Monkey loved to play and swing in the forest canopy. It was not only his home, but it was his stage as well. He could move quickly through and around it like the cheetah that raced on the savannah. But Monkey showed his speed and agility not on the land like swift Cheetah, but rather, high above it. It is in leafy trees that Monkey lived, ate, and played. He traveled by running along the branches and gracefully leaping from tree to tree. Monkey provided entertainment for the animals who watched his show from beneath. They marveled at how he used his long tail as a rudder to steer in mid-air. They were in awe of Monkeys ability to land safely and smoothly by grasping the tree branches with his fingers and toes. These land-loving animals often laughed at Monkeys antics in his towering playground. They were grateful, too, for the bits of fruit and nectar-filled flowers that Monkey dropped. For all his grace in the trees, Monkey was a messy eater. Often half-eaten scraps would provide tasty refreshment for the crowd below.
One fine day, the animal audience knew it was in for quite a show. At the river, Monkeys friend, Crocodile, awakened with a nasty gleam in his eyes. "I am tired of always crawling along on the land, sliding my belly, dragging my tail, pushing my short legs so I can visit Monkey who does nothing but swing and twitter high in the trees. It is time we met at my home - the river." Crocodile opened his enormous snout and swiped sideways at the air. He snapped his jaws several times until the frightened frogs hopped off to tell Monkey.
When the amphibians arrived with Crocodiles command, Monkey merely laughed. "My friend Crocodile knows I do not swim. Besides, Crocodile enjoys the trek from that water-filled home of his. He does nothing but bask in the sun all day anyway. Tell him I will not go near his river. He must visit me here." With that, the fretting frogs returned to the river.
Upon hearing Monkeys message, Crocodile grew angrier. Now he was convinced he must carry out the plot on his once beloved friend. He snapped his jaws harder and louder than before. He warned the frogs of their sorry fate if Monkey did not accompany them.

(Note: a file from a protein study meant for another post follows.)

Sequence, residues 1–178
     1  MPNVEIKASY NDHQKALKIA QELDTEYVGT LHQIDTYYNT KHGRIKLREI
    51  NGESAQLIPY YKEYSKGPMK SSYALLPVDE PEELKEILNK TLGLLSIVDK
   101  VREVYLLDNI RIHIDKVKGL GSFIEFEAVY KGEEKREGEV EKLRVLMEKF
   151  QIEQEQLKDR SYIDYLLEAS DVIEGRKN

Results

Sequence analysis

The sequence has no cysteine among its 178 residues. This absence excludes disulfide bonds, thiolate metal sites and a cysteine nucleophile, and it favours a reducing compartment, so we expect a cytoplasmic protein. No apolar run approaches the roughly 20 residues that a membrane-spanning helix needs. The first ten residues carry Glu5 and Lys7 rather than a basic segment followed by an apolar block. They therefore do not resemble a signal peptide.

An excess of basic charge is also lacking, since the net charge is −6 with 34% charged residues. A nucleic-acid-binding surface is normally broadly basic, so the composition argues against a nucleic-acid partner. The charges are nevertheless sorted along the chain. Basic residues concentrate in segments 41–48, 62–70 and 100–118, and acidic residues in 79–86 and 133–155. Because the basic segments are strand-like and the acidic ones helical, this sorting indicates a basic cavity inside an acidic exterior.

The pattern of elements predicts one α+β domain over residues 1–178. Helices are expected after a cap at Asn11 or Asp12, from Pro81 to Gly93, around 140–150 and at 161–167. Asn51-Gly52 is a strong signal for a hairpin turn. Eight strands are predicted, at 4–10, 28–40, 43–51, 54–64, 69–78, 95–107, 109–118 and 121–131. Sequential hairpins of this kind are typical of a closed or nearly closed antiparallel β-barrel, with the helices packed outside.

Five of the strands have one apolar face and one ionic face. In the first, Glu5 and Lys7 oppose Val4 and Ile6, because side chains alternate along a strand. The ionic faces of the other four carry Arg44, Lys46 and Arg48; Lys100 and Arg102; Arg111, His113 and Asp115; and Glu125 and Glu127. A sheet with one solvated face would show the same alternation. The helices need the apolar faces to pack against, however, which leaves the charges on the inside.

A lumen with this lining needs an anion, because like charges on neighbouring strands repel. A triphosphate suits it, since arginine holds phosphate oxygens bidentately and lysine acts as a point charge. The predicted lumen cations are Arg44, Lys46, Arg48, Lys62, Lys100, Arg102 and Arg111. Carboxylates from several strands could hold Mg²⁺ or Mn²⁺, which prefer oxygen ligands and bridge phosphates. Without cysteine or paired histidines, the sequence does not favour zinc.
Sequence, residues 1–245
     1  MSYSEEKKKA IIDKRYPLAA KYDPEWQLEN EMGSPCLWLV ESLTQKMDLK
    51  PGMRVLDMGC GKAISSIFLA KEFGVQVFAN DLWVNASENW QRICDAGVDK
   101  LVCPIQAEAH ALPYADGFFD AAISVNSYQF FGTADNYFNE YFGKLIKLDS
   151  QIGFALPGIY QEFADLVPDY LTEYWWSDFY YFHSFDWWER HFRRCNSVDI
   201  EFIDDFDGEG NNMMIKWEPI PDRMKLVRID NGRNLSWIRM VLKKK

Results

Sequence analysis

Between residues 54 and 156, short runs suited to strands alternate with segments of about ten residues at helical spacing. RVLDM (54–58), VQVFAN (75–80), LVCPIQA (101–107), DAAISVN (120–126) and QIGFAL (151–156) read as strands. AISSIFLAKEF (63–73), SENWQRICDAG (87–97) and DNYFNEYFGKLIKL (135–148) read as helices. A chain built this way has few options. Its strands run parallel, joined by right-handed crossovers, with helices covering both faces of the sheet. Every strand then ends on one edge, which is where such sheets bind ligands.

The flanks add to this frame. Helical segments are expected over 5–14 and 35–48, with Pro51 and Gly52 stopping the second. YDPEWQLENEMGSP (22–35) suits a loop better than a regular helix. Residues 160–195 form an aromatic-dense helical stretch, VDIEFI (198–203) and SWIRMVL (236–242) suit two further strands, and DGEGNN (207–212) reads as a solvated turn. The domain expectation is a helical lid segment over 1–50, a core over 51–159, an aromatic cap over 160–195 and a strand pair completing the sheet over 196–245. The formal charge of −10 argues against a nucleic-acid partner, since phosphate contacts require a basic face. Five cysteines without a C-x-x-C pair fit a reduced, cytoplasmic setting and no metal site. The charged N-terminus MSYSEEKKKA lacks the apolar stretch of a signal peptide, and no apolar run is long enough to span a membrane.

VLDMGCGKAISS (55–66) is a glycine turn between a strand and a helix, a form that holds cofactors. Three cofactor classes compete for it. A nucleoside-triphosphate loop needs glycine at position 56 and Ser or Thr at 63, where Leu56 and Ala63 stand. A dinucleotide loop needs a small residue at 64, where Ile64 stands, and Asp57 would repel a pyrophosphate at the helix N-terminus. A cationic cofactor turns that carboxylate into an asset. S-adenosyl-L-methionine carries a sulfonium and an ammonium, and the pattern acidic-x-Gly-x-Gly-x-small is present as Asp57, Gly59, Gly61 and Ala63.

"Please, sir, Monkey," begged the frogs. "We know Crocodile will dine on our family if you do not visit him. Please come with us to the river. You can stand on the bank and talk with Crocodile from there. You do not have to touch even your smallest toe into the river. Crocodile just wants you to see the beautiful scenery of his river abode."
Monkey finally agreed to the request and set off toward Crocodiles home swinging gracefully in the tree branches of his familiar stage until he reached the music of the river. Crocodile lumbered out of the waters as Monkey came into sight. His eyes gleamed and his belly rumbled. "This is the day of your last performance, my friend. For I want to feast on your heart."
Monkeys mind worked as quickly as the arms and legs that carried him through the trees. His actors face fell. "Oh, I am sorry my friend. My heart is in the tree where I live. I will go and fetch it for you. Then you can have it and eat it," he replied using all his cleverness.
Crocodile grinned, happy with his trick and glad to know he would soon be rid of that playful character who cared nothing for him. He rolled his tongue along his crocodile lips in anticipation of the tasty morsel he would enjoy. But, his mouth quickly soured as Monkey scampered up the nearest tree and called to him.
"You absurd creature," laughed the trickster. "My heart is in the tree. My heart is in the tree. My heart is in the tree," he taunted at his hunter. He snickered louder, "You silly Crocodile, my heart is in me!" Monkey chortled all the way back to his treetop home. He had fooled the mighty crocodile!
Activities to Extend Your Thinking...
Do one of the following:
- Find a sentence in this folktale containing words that paint a particularly vivid word picture. Draw or paint the picture that this sentence makes you see.
- Find the words that are used in place of said. Make a word search using these words. Give it to a friend to solve.
- Circle the words in this folktale that you think a younger child might have difficulty understanding. Make a dictionary of these words. Illustrate your entries.
- Imagine you are the crocodile. Retell the story from his point of view. Tape "your" story.
- Imagine you are the crocodile. You are sorry for your evil plans. Write a letter of apology to the monkey.
Write a journal entry explaining the traits of the monkey in this story. Tell what traits would be helpful to you and why. Which characteristics would you have to improve?